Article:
T          K
P(doc)   { P(t | k ) P(k | doc)}X (t ,doc )   Which are the
t 1       k 1                       parameters of this
model?
Probabilistic Latent Semantic Analysis
• The parameters of this model are:
P(t|k)
P(k|doc)
• It is possible to derive the equations for computing these
parameters by Maximum Likelihood.
• If we do so, what do we get?
P(t|k) for all t and k, is a term by topic matrix
(gives which terms make up a topic)
P(k|doc) for all k and doc, is a topic by document matrix
(gives which topics are in a document)
Deriving the parameter estimation
algorithm

• The log likelihood of this model is the log
probability of the entire collection:
N              N    T               K

 log P(d )   X (t , d ) log  P(t | k ) P(k | d )
d 1           d 1 t 1         k 1

which is to be maximised w.r.t.parametersP(t | k) and then also P(k | d),
T                  K
subject to the constraints that  P(t | k )  1 and  P(k | d )  1.
t 1                k 1
For those who would enjoy to work it out:
- Lagrangian terms are added to ensure the constraints
- Derivatives are taken wrt the parameters (one of them
at a time) and equate these to zero
- Solve the resulting equations. You will get fixed point
equations which can be solved iteratively. This is the
PLSA algorithm.
Note these steps are the same as those we did in
Lecture1 when deriving the Maximum Likelihood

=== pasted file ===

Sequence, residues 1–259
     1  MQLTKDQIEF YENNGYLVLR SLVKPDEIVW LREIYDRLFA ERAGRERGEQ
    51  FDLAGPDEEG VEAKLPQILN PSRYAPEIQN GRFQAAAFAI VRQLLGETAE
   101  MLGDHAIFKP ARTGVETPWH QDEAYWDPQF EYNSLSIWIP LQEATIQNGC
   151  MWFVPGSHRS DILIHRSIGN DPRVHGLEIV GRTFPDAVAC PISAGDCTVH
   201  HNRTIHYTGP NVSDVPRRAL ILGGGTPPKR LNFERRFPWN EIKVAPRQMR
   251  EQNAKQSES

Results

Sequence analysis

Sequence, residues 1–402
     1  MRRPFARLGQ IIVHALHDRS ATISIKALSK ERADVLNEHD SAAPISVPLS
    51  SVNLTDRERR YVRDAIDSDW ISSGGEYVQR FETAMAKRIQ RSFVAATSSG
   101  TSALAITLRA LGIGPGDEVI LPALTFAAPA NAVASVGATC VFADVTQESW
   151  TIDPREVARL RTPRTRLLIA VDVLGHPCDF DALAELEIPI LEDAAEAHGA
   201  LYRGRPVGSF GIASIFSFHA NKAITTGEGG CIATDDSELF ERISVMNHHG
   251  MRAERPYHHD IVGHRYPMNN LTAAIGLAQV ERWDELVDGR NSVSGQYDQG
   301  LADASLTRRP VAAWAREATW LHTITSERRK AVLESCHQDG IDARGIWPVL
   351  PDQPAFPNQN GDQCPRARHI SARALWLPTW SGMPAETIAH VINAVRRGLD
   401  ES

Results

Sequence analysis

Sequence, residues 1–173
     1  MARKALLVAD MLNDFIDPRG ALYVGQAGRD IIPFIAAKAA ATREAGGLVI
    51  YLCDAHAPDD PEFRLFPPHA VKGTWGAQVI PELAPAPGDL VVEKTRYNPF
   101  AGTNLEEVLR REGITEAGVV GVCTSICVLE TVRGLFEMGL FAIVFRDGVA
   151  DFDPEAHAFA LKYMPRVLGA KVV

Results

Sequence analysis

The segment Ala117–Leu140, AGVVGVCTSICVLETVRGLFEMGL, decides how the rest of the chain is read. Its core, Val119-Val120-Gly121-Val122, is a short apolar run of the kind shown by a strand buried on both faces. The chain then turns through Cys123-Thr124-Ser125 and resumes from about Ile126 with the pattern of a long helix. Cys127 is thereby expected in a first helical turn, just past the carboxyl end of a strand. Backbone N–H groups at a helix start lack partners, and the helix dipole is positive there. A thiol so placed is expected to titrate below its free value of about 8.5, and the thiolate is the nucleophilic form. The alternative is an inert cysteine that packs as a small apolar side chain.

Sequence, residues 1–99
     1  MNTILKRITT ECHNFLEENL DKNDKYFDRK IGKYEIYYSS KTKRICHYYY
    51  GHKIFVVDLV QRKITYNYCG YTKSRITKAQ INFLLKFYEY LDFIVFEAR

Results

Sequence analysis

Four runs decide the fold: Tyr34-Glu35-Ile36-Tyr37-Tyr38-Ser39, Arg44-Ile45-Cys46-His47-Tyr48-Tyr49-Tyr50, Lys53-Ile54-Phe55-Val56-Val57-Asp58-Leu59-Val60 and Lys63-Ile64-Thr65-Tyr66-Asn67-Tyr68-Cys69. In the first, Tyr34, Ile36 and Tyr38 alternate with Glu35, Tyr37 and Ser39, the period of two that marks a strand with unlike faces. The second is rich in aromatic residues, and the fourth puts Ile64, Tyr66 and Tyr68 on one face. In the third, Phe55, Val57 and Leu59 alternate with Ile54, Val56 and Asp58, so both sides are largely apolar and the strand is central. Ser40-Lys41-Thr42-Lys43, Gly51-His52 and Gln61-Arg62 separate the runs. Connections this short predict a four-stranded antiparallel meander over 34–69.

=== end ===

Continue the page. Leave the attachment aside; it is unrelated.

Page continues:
estimate for random sequence models, just the
working is a little more tedious.
We skip doing this in the class, we just give the
resulting algorithm (see next slide)
You can get 5% bonus if you work this algorithm out.
The PLSA algorithm
• Inputs: term by document matrix X(t,d), t=1:T, d=1:N and the
number K of topics sought
• Initialise arrays P1 and P2 randomly with numbers between [0,1]
and normalise them to sum to 1 along rows
• Iterate until convergence
For d=1 to N, For t =1 to T, For k=1:K

N
X (t , d )                                    P1(t , k )
P1(t , k )  P1(t , k )      K
P 2(k , d ); P1(t , k )    T
d 1
 P1(t , k ) P2(k , d )
k 1
 P1(t , k )
t 1
T
x(t , d )                                      P 2(k , d )
P 2(k , d )  P 2(k , d )          K
P1(t , k ); P 2(k , d )         K
t 1
 P1(t , k ) P2(k , d )
k 1
 P2(k , d )
k 1

• Output: arrays P1 and P2, which hold the estimated parameters
P(t|k) and P(k|d) respectively
Example of topics found from a Science
Magazine papers collection
The performance of a retrieval system based on this model (PLSI)
was found superior to that of both the vector space based similarity
(cos) and a non-probabilistic latent semantic indexing (LSI) method.
(We skip details here.)

From Th. Hofmann, 2000
Summing up
• Documents can be represented as numeric vectors in
the space of words.
• The order of words is lost but the co-occurrences of
words may still provide useful insights about the
topical content of a collection of documents.
• PLSA is an unsupervised method based on this idea.
• We can use it to find out what topics are there in a
collection of documents
• It is also a good basis for information retrieval
systems
Related resources
Thomas Hofmann, Probabilistic Latent Semantic Analysis. Proceedings of the
Fifteenth Conference on Uncertainty in Artificial Intelligence (UAI'99)
http://www.cs.brown.edu/~th/papers/Hofmann-UAI99.pdf

Scott Deerwester et al: Indexing by latent semantic analysis, Journal of te
American Society for Information Science, vol 41, no 6, pp. 391—407,
1990.
http://citeseer.ist.psu.edu/cache/papers/cs/339/http:zSzzSzsuperbook.bellc
ore.comzSz~stdzSzpaperszSzJASIS90.pdf/deerwester90indexing.pdf

The BOW toolkit for creating term by doc matrices and other text processing
and analysis utilities: http://www.cs.cmu.edu/~mccallum/bow